Numbers: Priests, Duties, Firstborn

Sermon by on January 24, 2007

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Wednesday Evening

January 31,
2007


Numbers 3:1-51


“Priests, Duties, Firstborn”

Dr. Ligon Duncan
III

If you have your Bibles, I’d invite you to turn with me to
Numbers, chapter 3. There should be a sheet somewhere near by you that has the
text of that whole chapter. And there should also be an outline — at least, an
outline that recounts what we have done so far, and also provides a diagram of
the organization or the arrangement of the tribes and the priests which we read
about last week, as well as a numbering of those tribes. That’s something a
little bit different, a little bit more detailed than we had on the chart last
week.

We’ve been in our study of the book of Numbers for
three weeks already. We did an introduction and overview to the whole book. We
looked at chapter 1, we looked at chapter 2, and so far we’ve emphasized what a
marvelous and applicable Old Testament book this is. This is a book for God’s
people in the wilderness. The themes of the great hymn, Guide Me, O Thou
Great Jehovah
, come right out of this book. It’s a book that very much
speaks to us.

And though the focus of the history that is recorded
in chapters 1 and 2 is descriptive of numbering, and arranging of the tribes of
Israel is relatively mundane material from one perspective, we have said
throughout that this book first and foremost is about God. Even in those
instructions for numbering and the recounting of the numbering, even in those
instructions for arranging and the recounting of the arranging of the tribes of
Israel, we are learning about God: God who speaks and saves. Have you noticed
how often already in Numbers 1 and 2 that the phrase and the Lord said
and the Lord said to Moses, or and the Lord commanded Moses to
—over and over, the focus is on God speaking, commanding, revealing Himself to
His people.

But He not only speaks, He also saves. In the very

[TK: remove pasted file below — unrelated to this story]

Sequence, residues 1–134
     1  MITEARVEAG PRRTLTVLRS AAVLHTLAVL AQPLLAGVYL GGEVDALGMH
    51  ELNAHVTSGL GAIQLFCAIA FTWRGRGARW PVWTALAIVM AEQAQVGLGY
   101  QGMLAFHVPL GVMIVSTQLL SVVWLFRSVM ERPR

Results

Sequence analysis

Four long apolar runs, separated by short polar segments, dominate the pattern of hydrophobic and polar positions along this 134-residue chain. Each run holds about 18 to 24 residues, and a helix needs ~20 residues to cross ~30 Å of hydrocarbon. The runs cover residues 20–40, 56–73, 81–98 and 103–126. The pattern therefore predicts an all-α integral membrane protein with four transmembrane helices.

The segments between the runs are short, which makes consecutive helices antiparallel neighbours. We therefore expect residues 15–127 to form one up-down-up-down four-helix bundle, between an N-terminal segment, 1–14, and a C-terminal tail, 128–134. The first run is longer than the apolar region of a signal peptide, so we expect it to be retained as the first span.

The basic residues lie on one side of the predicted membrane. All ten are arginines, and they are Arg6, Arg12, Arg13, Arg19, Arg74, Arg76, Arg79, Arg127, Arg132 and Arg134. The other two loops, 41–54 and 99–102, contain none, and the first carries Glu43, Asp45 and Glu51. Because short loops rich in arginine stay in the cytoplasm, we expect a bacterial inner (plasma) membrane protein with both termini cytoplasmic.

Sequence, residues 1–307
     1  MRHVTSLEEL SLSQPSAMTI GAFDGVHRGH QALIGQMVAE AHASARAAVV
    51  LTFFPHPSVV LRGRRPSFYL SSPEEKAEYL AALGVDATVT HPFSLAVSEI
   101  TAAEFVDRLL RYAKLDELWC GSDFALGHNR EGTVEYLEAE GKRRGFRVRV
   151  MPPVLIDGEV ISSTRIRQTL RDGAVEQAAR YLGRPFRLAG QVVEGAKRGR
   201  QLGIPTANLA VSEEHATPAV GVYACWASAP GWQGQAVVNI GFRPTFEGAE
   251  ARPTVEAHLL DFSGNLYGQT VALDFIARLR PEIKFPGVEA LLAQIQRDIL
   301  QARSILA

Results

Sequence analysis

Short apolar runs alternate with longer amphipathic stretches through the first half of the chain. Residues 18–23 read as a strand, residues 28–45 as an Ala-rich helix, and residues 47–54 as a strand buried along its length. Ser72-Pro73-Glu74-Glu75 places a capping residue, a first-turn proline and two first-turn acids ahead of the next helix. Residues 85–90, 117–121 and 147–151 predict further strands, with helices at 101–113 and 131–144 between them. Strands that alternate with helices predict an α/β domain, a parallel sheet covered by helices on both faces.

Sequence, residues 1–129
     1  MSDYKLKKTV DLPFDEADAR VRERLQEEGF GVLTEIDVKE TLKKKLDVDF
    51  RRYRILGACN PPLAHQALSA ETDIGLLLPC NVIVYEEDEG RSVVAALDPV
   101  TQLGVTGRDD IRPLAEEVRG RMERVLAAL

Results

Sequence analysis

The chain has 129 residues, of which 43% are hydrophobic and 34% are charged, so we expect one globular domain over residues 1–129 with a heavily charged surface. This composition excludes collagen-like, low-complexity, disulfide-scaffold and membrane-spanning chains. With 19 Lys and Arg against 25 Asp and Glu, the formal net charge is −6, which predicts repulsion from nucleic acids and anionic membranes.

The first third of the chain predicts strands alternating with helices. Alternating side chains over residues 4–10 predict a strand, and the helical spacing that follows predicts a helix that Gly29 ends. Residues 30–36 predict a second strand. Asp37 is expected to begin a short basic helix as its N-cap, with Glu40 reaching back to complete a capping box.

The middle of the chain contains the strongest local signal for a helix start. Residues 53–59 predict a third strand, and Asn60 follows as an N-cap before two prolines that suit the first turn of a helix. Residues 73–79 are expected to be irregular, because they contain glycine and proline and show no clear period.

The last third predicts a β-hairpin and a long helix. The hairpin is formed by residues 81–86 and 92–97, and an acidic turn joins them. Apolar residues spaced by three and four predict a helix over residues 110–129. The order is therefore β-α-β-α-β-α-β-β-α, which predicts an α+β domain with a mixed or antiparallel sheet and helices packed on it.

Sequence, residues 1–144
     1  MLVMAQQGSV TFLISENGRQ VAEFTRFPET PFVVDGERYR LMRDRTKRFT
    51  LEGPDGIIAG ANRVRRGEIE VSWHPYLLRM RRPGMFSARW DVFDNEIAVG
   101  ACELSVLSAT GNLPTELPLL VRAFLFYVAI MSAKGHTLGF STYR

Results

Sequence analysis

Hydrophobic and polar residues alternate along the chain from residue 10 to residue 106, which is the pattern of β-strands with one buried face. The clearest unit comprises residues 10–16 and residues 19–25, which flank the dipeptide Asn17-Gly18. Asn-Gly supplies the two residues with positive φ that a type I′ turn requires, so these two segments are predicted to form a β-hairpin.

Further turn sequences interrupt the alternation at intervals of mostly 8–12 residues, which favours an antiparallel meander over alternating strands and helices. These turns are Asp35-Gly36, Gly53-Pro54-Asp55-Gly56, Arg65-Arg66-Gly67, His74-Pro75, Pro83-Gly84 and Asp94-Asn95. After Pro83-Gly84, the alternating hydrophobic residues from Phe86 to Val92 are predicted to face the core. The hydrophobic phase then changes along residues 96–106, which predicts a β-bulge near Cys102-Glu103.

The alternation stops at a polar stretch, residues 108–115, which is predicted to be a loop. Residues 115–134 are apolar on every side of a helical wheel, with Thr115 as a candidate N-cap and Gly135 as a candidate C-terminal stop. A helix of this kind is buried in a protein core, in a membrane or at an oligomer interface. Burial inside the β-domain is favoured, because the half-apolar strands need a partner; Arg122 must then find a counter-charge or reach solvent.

first chapter of Numbers we are reminded that it’s God who has saved His
children out of Egypt to Mount Sinai, where they receive this command.

So He’s the God who speaks and saves, but He’s also
the God who is reliable and who rules. We commented last week on the fact that
70 people in Jacob’s family went down into Egypt, and now in Numbers 1 we’re
told of 603,000 fighting men that are assembled around Mount Sinai. God had once
said to Abram, ‘Believe Me, Abram, because here’s My promise: I will make your
descendents more numerous than the sand in the desert, more numerous than the
stars in the sky.’ And here, God, before the very eyes of Moses, is fulfilling
that promise.

Now, by the way, the glory of it is with
600,000-plus fighting men and who knows?–what? two million or more people there,
when you count the men who are not of fighting age, and the women and the
children?–that promise isn’t anywhere near being done. And today around the
world a multitude call on the name of the God of Abraham as the living God,
through Jesus Christ. And on the shores of glory a multitude that no man can
number will sing the praises of the Triune God in fulfillment of the promise
that He made to Abraham: “I will bless you and multiply you exceedingly, and you
will be the father of nations.” And we’re beginning to see that God’s reliable.
When He says it, He does good on His word.

But He also rules. He is the sovereign God. He’s the
one in charge here. He’s giving the instructions to His people, and they are to
obey Him. And so God speaks and saves, He’s reliable and He rules, but He’s also
present and pure. We see this, as well.

He dwells right in the middle of His people. The
tabernacle is situated right smack-dab in the middle of the camp of Israel. When
the children of Israel are on the move in tents, where is God? On the move, in a
tent. He’s right there in the middle of His people. He’s present with them. He’s
near to them. He’s present with His people. But He’s also pure. He’s holy. And
so there’s a thousand yards between the tabernacle and the encampments of the
people of Israel.

Now you can immediately see the practicality of
that. When you’re moving two million people through the desert, there’s got to
be a way…a place for sewage and garbage and all of the other things that go
along with camping in the wilderness. With that many people, there’s got to be a
lot of space. But remember, the Levites and priests are ringed around the
tabernacle. And we’re told, by the way, why in the chapter here tonight. In
chapter three, we’re told if a layman were to wander into the tabernacle what
was going to happen to him. The penalty was death.

So God is to be treated holy. He’s pure. Yes, He’s
right there in the middle of His people, but there is to be a reverence, an awe,
a respect for His holy place. And so we’re learning things about God, even in
all these minute details which at first look mundane and unimportant, and